Euroskepticism c/o The Sun

♠ Posted by Emmanuel in at 10/20/2007 08:32:00 PM
Rest assured that I do not regularly feature articles from Rupert Murdoch's Sun tabloid, which is supposedly the widest circulation English language(-like?) newspaper in the world. However, its influence is sizable here in Britain despite (or more likely because of) its lowbrow fare. Many credit the success of New Labour's campaigns to winning over the Sun's endorsement in 1997, 2001, and 2005. However, things may be a-changing as the Sun's Euroskeptic tendencies have zeroed in on PM Gordon Brown recently assenting to the EU treaty. In the rather less hysterical Financial Times, it is noted that Mr Brown believes that the new treaty is so strewn with British opt-outs, protocols and declarations that it will have little impact on UK autonomy over labour law, criminal justice, social security or foreign policy.

However, the Sun sees things differently. You've probably heard the tirelessly repeated Euroskeptic line that all political and economic decision-making power will be ceded to Brussels and its various elaborations. Well, the Sun is at it again, as you will read below. With this POV relentlessly repeated, it is no surprise that an EU referendum would be doomed to failure. In any event, Murdoch's News Corporation may soon be backing David Cameron as the political winds shift. If nothing else, Murdoch is a canny operator. Meanwhile, New Labour stalwart Peter Mandelson has asked Brown to show some fight according to the FT: Mr Brown was urged by one of his predecessor’s closest advisers to stand up to the relentless and hostile pressure over a referendum from Rupert Murdoch’s media. Peter Mandelson, the European trade commissioner, said he would be surprised if the issue was a catalyst for the Murdoch titles to withdraw backing for Labour at the next election. Anyway, to the Sun for a sampling of tabloidal Euroskepticism with a dining motif. The schoolboy-style emphasis is the Sun's BTW:

Gordon Brown last night surrendered centuries of British power to Brussels in a “last supper” washed down with fine wine. The PM has refused to give the British people a say in a referendum on the EU Treaty even though it is 96 per cent the same as the dumped constitution. He casually tossed away our veto in 61 areas of law-making over a meal of grilled sole and chocolate cake accompanied by fine wines during historic talks in Lisbon, Portugal.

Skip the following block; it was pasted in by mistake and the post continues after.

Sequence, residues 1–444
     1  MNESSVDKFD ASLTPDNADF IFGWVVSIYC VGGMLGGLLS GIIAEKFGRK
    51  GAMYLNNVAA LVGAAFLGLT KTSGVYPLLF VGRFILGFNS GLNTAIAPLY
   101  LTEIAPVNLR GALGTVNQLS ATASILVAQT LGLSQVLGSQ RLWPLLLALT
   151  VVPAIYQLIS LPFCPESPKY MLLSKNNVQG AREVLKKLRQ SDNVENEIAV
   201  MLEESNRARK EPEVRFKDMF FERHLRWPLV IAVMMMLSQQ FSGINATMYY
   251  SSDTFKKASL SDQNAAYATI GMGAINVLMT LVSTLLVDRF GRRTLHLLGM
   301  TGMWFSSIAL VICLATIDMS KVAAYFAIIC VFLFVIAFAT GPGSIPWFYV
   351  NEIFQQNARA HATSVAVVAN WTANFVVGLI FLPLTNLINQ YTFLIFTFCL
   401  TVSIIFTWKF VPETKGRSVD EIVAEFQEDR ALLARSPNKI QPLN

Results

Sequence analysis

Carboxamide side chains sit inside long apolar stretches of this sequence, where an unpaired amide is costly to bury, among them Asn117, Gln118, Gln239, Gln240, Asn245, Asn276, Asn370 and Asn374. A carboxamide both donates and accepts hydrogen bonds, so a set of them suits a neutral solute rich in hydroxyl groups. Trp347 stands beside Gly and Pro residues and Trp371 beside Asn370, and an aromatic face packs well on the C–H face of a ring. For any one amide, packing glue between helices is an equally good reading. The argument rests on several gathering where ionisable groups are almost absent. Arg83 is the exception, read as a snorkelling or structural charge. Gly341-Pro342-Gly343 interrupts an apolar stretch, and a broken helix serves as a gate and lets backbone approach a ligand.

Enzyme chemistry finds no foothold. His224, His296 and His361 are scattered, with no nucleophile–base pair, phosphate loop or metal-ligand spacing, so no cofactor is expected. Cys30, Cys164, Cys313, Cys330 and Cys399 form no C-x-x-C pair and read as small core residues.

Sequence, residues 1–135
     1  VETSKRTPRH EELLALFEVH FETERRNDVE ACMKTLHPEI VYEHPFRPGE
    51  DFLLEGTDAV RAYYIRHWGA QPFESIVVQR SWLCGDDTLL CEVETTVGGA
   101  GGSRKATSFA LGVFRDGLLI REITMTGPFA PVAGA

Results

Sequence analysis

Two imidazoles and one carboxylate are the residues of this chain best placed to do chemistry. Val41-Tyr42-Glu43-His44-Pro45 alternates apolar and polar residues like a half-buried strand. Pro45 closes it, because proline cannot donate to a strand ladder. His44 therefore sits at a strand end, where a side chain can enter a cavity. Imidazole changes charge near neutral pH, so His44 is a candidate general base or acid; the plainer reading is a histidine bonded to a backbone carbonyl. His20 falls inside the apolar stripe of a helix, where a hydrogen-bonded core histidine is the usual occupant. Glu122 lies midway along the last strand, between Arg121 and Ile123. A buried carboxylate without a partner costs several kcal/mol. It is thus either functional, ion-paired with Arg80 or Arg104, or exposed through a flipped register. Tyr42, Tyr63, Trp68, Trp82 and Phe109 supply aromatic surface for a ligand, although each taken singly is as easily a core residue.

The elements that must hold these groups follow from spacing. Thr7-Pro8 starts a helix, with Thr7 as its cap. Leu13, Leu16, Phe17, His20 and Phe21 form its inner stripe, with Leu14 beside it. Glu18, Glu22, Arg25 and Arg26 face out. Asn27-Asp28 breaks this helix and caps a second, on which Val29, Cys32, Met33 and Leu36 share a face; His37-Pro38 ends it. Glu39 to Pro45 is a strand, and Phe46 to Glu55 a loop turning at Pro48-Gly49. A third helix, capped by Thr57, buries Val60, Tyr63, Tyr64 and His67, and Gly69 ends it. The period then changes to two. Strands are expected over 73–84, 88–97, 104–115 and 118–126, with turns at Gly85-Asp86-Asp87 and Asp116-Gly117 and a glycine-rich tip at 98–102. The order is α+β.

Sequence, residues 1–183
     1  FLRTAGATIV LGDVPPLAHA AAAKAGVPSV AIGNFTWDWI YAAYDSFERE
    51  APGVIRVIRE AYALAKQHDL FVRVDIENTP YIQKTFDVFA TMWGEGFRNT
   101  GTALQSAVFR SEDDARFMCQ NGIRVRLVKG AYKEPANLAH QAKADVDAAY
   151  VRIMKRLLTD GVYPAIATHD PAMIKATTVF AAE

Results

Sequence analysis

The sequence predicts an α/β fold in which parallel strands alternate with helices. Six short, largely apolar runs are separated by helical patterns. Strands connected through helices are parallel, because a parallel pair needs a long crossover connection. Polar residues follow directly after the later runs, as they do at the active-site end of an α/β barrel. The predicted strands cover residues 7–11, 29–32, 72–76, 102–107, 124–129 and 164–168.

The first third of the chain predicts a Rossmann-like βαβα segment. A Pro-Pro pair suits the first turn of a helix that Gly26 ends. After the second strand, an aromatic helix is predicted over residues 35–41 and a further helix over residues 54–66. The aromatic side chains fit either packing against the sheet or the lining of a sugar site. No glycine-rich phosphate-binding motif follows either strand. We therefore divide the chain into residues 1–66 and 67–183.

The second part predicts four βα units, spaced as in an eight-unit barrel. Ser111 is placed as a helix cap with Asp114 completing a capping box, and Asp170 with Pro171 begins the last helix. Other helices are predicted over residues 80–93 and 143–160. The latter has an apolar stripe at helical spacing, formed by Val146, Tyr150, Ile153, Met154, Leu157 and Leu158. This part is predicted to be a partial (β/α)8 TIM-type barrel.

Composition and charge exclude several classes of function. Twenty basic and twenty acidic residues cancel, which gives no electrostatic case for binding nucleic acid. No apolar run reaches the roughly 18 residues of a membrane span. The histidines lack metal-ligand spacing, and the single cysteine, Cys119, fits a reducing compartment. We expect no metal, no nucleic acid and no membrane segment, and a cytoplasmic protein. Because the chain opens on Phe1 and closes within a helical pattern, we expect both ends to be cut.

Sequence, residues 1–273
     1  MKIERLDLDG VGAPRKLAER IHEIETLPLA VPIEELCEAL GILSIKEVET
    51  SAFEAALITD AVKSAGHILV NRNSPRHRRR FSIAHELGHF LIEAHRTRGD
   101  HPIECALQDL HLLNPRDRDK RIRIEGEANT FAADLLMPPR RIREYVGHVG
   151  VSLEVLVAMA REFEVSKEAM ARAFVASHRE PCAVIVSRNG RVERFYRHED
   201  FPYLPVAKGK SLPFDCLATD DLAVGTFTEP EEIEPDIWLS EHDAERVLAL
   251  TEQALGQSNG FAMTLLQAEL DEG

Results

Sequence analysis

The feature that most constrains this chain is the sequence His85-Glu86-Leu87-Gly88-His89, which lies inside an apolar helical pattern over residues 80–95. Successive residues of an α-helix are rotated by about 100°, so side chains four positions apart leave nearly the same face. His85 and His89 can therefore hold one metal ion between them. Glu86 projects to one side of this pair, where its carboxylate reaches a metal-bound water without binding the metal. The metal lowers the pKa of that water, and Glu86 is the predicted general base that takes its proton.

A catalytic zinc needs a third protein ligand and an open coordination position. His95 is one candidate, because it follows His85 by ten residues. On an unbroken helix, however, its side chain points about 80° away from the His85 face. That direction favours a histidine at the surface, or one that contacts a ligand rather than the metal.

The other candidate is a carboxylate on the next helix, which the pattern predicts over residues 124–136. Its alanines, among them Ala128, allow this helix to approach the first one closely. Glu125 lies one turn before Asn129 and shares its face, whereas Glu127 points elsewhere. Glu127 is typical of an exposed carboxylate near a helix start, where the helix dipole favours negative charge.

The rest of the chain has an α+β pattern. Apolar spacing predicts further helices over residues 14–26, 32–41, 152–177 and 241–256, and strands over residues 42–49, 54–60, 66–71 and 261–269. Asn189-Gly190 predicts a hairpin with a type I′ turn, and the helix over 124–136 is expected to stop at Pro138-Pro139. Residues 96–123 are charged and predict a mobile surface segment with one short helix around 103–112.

Mr Brown will sign the completed document in December before using his majority to force it through the Commons next Spring. There was a delay in the talks as Italy and Poland dug their heels in as they battled for more rights. But late last night the two nations were granted last-minute concessions.

EU leaders still had to clear one hurdle over appointing a new, more powerful European foreign policy chief. But the agreement was all but done.

Mr Brown insisted once more yesterday that there will be NO referendum over the Treaty for the British people. And he again insisted that the constitution — dumped two years ago by France and Holland — was NOT the same as the new Treaty. Yet a string of other EU leaders have confirmed it IS the same — and carries 96 per cent of the measures in the original constitution.

And today Mr Brown's own backbencher, Labour MP Kate Hoey, agreed that the treaty agreed by EU leaders at the Lisbon summit WAS virtually the same as the abandoned constitution which the Government had promised to put to the country in a referendum. She told BBC Radio 4's the World at one: “If he (Mr Brown) is so pleased with this agreement and if it is so wonderful, then the people of this country should have the right to decide because it is certainly 99% the same as what was agreed."